This review is also available on my blog, Read Till Dawn.
When I found out that this was written by a seventeen-year-old, I got it just on principle – as a seventeen-year-old girl who used to dream of writing novels, I thought it would be great to read one by a girl my own age.
Now that I have, I can honestly say that I can understand the advantage in waiting to write a novel until you’re an adult. At the very least, I would say that a book by any underaged author really needs to get a lot of extra editing attention from the publisher – something that, I would guess, did not happen here. The diction throughout the novel is rather clunky (though it’s truly atrocious at the beginning – if you do decide to read this book, know that it stops reading like something you’d read on Wattpad after the first two chapters!). With the rest of the book the issues mainly revolve around plot – or, actually, around the lack thereof. We get a lot of scenes, a lot of characters, thrown in that never show up again and don’t really seem to lead anywhere. Yeah, I get that this is more of a memoir than a straight novel; I get that in real life sometimes random people pop in and out of our lives. But if Juliette had found a way to add more consistency in characters and a more substantial plot, the book as a whole could have been so much greater.
I mean, she’s working with a lot of quality material. Who doesn’t like a story about a city girl adjusting to farm life, or about the day-to-day struggles of life on a ranch? I went into the book expecting great things, and I still think that Juliette – who shows signs of being a good writer – could have tapped more into the charm of the basic scenario than she did. Plus, the ending literally had me in tears. I can’t talk about it without spoiling it for you, but . . . well, let’s just say that I would never make it on a ranch. I’d melt in a big sad drippy puddle the first time something like that happened.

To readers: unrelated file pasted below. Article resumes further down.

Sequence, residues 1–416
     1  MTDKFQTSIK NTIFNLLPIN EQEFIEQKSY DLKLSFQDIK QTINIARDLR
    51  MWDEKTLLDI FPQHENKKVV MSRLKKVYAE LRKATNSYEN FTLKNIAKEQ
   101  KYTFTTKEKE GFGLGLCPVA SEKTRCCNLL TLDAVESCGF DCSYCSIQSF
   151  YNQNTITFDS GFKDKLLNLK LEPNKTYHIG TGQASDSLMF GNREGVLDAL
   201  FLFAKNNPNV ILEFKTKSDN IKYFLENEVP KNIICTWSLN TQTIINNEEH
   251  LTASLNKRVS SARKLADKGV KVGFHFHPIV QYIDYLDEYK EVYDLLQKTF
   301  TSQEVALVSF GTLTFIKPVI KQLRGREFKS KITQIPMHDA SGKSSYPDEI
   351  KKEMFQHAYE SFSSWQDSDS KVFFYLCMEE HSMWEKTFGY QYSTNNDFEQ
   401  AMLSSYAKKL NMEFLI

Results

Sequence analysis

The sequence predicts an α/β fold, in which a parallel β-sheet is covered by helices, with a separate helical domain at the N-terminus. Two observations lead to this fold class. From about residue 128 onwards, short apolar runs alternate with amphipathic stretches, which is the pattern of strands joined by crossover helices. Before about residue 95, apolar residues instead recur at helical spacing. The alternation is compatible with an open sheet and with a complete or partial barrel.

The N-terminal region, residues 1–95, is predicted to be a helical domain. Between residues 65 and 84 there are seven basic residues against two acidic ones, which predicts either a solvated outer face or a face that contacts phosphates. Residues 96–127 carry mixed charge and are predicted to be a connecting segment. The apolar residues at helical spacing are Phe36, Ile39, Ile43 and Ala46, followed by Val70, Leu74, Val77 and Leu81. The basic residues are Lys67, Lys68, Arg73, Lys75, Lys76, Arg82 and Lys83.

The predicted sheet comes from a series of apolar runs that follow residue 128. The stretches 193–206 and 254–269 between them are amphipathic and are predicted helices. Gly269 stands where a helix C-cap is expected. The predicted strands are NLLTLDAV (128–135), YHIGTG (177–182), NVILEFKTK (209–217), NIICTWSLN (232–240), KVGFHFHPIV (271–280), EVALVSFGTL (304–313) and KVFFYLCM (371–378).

I’ll be honest: I truly didn’t hate this book. At first I thought I would, especially when I was ploughing through those first two chapters. I very seriously even considered quitting the novel altogether and writing a DNF review, but I decided to push through and wound up enjoying the rest. There were still times when the prose was a little clunky, or the characters (like the spoiled rich girl at school, and Juliette’s very uptight and anxious grandmother) seemed a little one-dimensional, but it wasn’t so overwhelming that I couldn’t enjoy the stories Juliette had to tell. And sure, on one page she’s a clueless city slicker and on the next she’s a tried-and-true rancher. Maybe there are a few too many random unimportant details (like the names of every single one of their twenty-six longhorns!), and maybe Juliette spends a little too much time driving home what a wonderful, kind, innocent person she is. But those are all things I can deal with, and mistakes that I probably only recognize so clearly because they remind me of ones I’ve made them myself. I’m sure they’ll go away, though, as she continues to polish her skills by writing more books. And honestly, I applaud her for putting in all the time and effort to write, polish, and publish a book at just my age – while also being an honor student, a dancer, a singer, and rancher. I truly envy her stamina!
Disclaimer: I received a complimentary copy of this novel from the publisher through the BookLook Bloggers program.